- Share this article on Facebook
- Share this article on Twitter
- Share this article on Flipboard
- Share this article on Email
- Show additional share options
- Share this article on Linkedin
- Share this article on Pinit
- Share this article on Reddit
- Share this article on Tumblr
- Share this article on Whatsapp
- Share this article on Print
- Share this article on Comment
The new supernatural alt-America drama Motherland: Fort Salem, in which witches revealed their existence to the world 300 years ago and have since served as the nation’s soldiers, offers the kind of sprawling world-building for which television is an ideal medium. (Also see: Watchmen, Game of Thrones.) After reaching an accord with the Massachusetts Bay Colony in 1692 — when conditions were less than favorable to their kind — the witches of the New World have fought America’s wars against those of other countries.
One of the most striking images in Fort Salem — let’s dispense with that awkward title — is a redone portrait of Emanuel Leutze’s “Washington Crossing the Delaware,” with centuries-old general Sarah Alder (Lyne Renée) in George Washington’s tricorn hat and place at the front of the boat. Since the witches’ greatest present-day enemy also parallels the real-life American military’s current foes — terrorists, basically — does it follow that Alder and her troops led the genocidal campaigns against the Native Americans? That the witches of the North and South battled over slavery? That they invaded Vietnam under the thrall of the domino theory?
Air date: Mar 18, 2020
Fort Salem begins with one superpowered draftee resigned to an early death (“Conscription is slavery,” declares one character) and another determined to enlist despite her mother’s desperate protests. Those character introductions, combined with the U.S.’ bloody history — and YA conventions about new recruits at strictly hierarchical and morally flexible training centers — make it natural to initially suspect Alder and the top brass of nefariousness.
Created by Eliot Laurence (and executive produced by Will Ferrell and Adam McKay), Fort Salem is part-supernatural coming-of-age story, part-alternative history, part-espionage adventure and part-feminist fantasy. At its best, the series is wildly ambitious and gorgeously otherworldly, with flying drug trips, strength-enhancing orgies and brilliantly novel aesthetics, especially in its marriage between military chic and Goth motifs.
But it is rarely at its best.
Fort Salem leans early and heavily into its most familiar, least interesting storyline: the burgeoning friendships between its cadets. Arriving at Army Hogwarts are cynical Raelle (Taylor Hickson), a working-class recruit leery of the officer caste; posh Abigail (Ashley Nicole Williams), a member of a fabled military bloodline struggling with the pressure that comes with such heritage; and sunny Tally (Jessica Sutton), the only roommate of the three who seems primarily motivated by altruism and a desire to do good.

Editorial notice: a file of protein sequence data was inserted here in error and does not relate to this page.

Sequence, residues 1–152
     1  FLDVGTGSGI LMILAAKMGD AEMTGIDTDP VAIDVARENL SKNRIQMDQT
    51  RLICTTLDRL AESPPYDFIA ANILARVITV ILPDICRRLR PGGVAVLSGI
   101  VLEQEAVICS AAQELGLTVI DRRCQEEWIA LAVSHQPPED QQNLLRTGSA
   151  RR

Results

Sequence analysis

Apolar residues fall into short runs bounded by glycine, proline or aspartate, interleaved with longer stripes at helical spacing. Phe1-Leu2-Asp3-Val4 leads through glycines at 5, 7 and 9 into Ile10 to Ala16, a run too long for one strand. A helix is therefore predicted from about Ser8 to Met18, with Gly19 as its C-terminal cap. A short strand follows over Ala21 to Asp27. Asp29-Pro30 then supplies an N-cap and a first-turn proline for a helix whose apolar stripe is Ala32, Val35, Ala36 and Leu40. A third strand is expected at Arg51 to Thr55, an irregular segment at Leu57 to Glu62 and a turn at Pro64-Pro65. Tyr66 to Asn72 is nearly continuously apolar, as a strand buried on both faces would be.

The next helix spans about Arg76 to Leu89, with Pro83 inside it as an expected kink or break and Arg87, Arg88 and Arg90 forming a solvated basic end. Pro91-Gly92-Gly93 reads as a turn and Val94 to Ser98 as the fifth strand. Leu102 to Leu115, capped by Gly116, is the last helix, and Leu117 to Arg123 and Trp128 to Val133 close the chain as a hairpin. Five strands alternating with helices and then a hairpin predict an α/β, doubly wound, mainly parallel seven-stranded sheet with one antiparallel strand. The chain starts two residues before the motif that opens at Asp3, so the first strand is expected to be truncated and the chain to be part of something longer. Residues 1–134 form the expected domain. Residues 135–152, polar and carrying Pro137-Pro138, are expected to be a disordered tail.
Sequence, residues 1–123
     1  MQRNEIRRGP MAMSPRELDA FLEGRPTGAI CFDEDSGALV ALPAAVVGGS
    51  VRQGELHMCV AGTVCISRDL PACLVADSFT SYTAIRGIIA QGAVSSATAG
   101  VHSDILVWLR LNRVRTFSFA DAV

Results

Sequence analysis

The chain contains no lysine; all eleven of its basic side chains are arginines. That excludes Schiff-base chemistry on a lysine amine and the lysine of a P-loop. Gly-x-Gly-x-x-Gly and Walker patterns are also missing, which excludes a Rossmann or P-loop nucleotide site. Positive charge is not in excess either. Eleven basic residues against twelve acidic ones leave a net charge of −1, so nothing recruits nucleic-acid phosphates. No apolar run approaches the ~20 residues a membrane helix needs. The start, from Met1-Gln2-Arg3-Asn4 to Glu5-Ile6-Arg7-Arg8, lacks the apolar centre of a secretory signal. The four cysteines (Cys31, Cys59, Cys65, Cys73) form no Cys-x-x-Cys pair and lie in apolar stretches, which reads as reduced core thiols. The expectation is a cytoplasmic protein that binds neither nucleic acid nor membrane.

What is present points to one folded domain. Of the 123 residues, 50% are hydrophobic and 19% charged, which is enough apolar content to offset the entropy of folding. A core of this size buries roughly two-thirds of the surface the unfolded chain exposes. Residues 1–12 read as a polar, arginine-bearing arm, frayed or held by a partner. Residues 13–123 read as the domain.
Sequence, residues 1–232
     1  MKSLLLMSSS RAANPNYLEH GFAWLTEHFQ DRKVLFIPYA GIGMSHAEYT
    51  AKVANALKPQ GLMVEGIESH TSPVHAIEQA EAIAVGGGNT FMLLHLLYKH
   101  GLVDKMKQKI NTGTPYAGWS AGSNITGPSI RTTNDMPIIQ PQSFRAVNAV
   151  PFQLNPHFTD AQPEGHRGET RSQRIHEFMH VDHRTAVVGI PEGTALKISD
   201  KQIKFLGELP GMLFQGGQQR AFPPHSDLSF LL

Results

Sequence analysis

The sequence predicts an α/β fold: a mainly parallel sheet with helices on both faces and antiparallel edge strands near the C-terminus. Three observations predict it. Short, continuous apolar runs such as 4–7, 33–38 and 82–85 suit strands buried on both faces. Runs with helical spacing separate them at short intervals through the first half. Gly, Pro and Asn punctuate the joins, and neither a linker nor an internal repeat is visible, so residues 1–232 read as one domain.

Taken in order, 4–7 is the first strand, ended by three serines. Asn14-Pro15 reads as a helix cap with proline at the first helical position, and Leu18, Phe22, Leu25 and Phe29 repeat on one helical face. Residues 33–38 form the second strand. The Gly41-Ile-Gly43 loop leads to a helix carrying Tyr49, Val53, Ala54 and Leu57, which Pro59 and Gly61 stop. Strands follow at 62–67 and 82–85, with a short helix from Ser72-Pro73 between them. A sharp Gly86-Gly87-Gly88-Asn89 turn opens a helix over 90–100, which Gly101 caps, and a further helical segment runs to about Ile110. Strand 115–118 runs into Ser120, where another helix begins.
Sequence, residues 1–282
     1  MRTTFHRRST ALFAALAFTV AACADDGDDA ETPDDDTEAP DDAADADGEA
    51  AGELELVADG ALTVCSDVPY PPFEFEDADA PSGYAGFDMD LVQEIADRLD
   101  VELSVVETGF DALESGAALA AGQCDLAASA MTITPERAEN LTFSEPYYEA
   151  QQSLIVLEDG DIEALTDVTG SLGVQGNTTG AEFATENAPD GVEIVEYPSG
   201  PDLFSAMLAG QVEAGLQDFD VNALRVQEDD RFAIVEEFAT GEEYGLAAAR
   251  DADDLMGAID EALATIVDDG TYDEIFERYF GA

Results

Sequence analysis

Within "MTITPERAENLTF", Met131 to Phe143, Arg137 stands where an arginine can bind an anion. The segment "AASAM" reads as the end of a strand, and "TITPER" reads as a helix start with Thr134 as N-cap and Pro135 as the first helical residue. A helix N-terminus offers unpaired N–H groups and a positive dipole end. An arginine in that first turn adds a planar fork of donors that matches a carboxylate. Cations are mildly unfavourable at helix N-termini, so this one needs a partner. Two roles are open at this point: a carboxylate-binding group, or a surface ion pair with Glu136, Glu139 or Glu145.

The unending war the witches are to fight is the one against the Spree — decentralized cells of conjurers whose trademark is cerulean balloons. (It’s to the show’s credit that these airborne ambassadors of the sky quickly take on such a sinister aura.) But first, Raelle needs to butt heads with Abigail, who needs to be taught a lesson by Tally, who needs to fall in love for the first time, all with the spark and spontaneity of a ticking clock.
The Spree infiltrates the academy before the arrival of the new class, making these squabbles and affairs feel insignificant. It doesn’t help that the young cast has trouble with the wordy dialogue, especially in the exposition-heavy pilot. The humorlessness and futuristic turmeric-toned palette of the first six episodes are occasionally broken up by surreal whimsy, but the latter ultimately underscores the wasted potential of the vast, if possibly under-thought, world-building at hand.
If Fort Salem isn’t particularly interested in how witches may have shaped American history beyond Macy’s department stores now being called Tracey’s, it at least doesn’t pretend that a nationalism fueled by female militarism would be preferable to one guided by male hawkishness. Still, it’s hard not to be at least a little gung-ho about the series’ reimagining of witchy weaponry: chants, force fields, necromancy. Entire battles are fought with frog-throated sound waves.
But perhaps the most notable invention is the show’s vision of female leadership and dynastic matrilineality. Women wear authority in an array of styles (even within a military setting), recruits openly gawp at female celebrity generals and young witches are taught their female ancestry. (On a more grounded note, members of feuding families carry on decades-long clashes — a subplot that a less self-serious show could turn into a running joke, or actresses with more chemistry could make actually compelling.) Fort Salem offers a beautiful world to gaze at, but it’s hard to get lost inside it.
Cast: Taylor Hickson, Jessica Sutton, Ashley Nicole Williams, Lyne Renée
Creator-showrunner: Eliot Laurence
Premieres: Wednesday, 9 p.m. ET/PT (Freeform)
Sign up for THR news straight to your inbox every day
More from The Hollywood Reporter
Dana Carvey Reveals Why He Wouldn’t Let Robin Williams Make an Appearance in Iconic Church Lady ‘SNL’ Sketch
‘Vanderpump Rules’ Reunion Reveals Tom Sandoval and Raquel Leviss’ Private Chat About Ariana Madix; Restraining Order Update
The Lord of the Rings: The Rings of Power
‘Rings of Power’ Star Sophia Nomvete on Fighting Racist Backlash: “My Place in This Show Is Not Just a Celebration, It Is an Act of Defiance”